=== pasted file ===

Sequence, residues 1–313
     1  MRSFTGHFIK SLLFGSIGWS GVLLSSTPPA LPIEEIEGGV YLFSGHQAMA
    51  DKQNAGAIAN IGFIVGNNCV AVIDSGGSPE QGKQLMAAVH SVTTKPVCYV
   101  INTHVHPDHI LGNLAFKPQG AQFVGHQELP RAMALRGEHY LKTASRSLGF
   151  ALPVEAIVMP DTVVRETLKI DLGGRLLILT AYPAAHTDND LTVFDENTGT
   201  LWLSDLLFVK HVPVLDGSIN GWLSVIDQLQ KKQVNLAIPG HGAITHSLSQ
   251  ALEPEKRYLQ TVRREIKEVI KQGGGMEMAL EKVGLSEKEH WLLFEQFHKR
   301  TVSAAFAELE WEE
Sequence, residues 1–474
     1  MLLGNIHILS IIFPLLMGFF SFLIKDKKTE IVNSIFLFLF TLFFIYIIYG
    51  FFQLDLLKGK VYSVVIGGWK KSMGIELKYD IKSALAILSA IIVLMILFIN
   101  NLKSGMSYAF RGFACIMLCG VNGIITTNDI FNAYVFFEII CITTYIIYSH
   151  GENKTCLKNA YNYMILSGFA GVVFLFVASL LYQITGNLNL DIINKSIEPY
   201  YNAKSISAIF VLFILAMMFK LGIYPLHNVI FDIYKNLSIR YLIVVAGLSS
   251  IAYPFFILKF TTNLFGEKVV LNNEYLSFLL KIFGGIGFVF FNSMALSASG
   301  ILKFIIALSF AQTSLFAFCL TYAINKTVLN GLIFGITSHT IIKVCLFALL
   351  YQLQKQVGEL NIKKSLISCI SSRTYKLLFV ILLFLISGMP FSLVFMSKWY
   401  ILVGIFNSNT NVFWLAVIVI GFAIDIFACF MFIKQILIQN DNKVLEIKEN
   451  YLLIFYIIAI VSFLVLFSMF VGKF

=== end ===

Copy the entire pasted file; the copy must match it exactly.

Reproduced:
Sequence, residues 1–313
     1  MRSFTGHFIK SLLFGSIGWS GVLLSSTPPA LPIEEIEGGV YLFSGHQAMA
    51  DKQNAGAIAN IGFIVGNNCV AVIDSGGSPE QGKQLMAAVH SVTTKPVCYV
   101  INTHVHPDHI LGNLAFKPQG AQFVGHQELP RAMALRGEHY LKTASRSLGF
   151  ALPVEAIVMP DTVVRETLKI DLGGRLLILT AYPAAHTDND LTVFDENTGT
   201  LWLSDLLFVK HVPVLDGSIN GWLSVIDQLQ KKQVNLAIPG HGAITHSLSQ
   251  ALEPEKRYLQ TVRREIKEVI KQGGGMEMAL EKVGLSEKEH WLLFEQFHKR
   301  TVSAAFAELE WEE
Sequence, residues 1–474
     1  MLLGNIHILS IIFPLLMGFF SFLIKDKKTE IVNSIFLFLF TLFFIYIIYG
    51  FFQLDLLKGK VYSVVIGGWK KSMGIELKYD IKSALAILSA IIVLMILFIN
   101  NLKSGMSYAF RGFACIMLCG VNGIITTNDI FNAYVFFEII CITTYIIYSH
   151  GENKTCLKNA YNYMILSGFA GVVFLFVASL LYQITGNLNL DIINKSIEPY
   201  YNAKSISAIF VLFILAMMFK LGIYPLHNVI FDIYKNLSIR YLIVVAGLSS
   251  IAYPFFILKF TTNLFGEKVV LNNEYLSFLL KIFGGIGFVF FNSMALSASG
   301  ILKFIIALSF AQTSLFAFCL TYAINKTVLN GLIFGITSHT IIKVCLFALL
   351  YQLQKQVGEL NIKKSLISCI SSRTYKLLFV ILLFLISGMP FSLVFMSKWY
   401  ILVGIFNSNT NVFWLAVIVI GFAIDIFACF MFIKQILIQN DNKVLEIKEN
   451  YLLIFYIIAI VSFLVLFSMF VGKF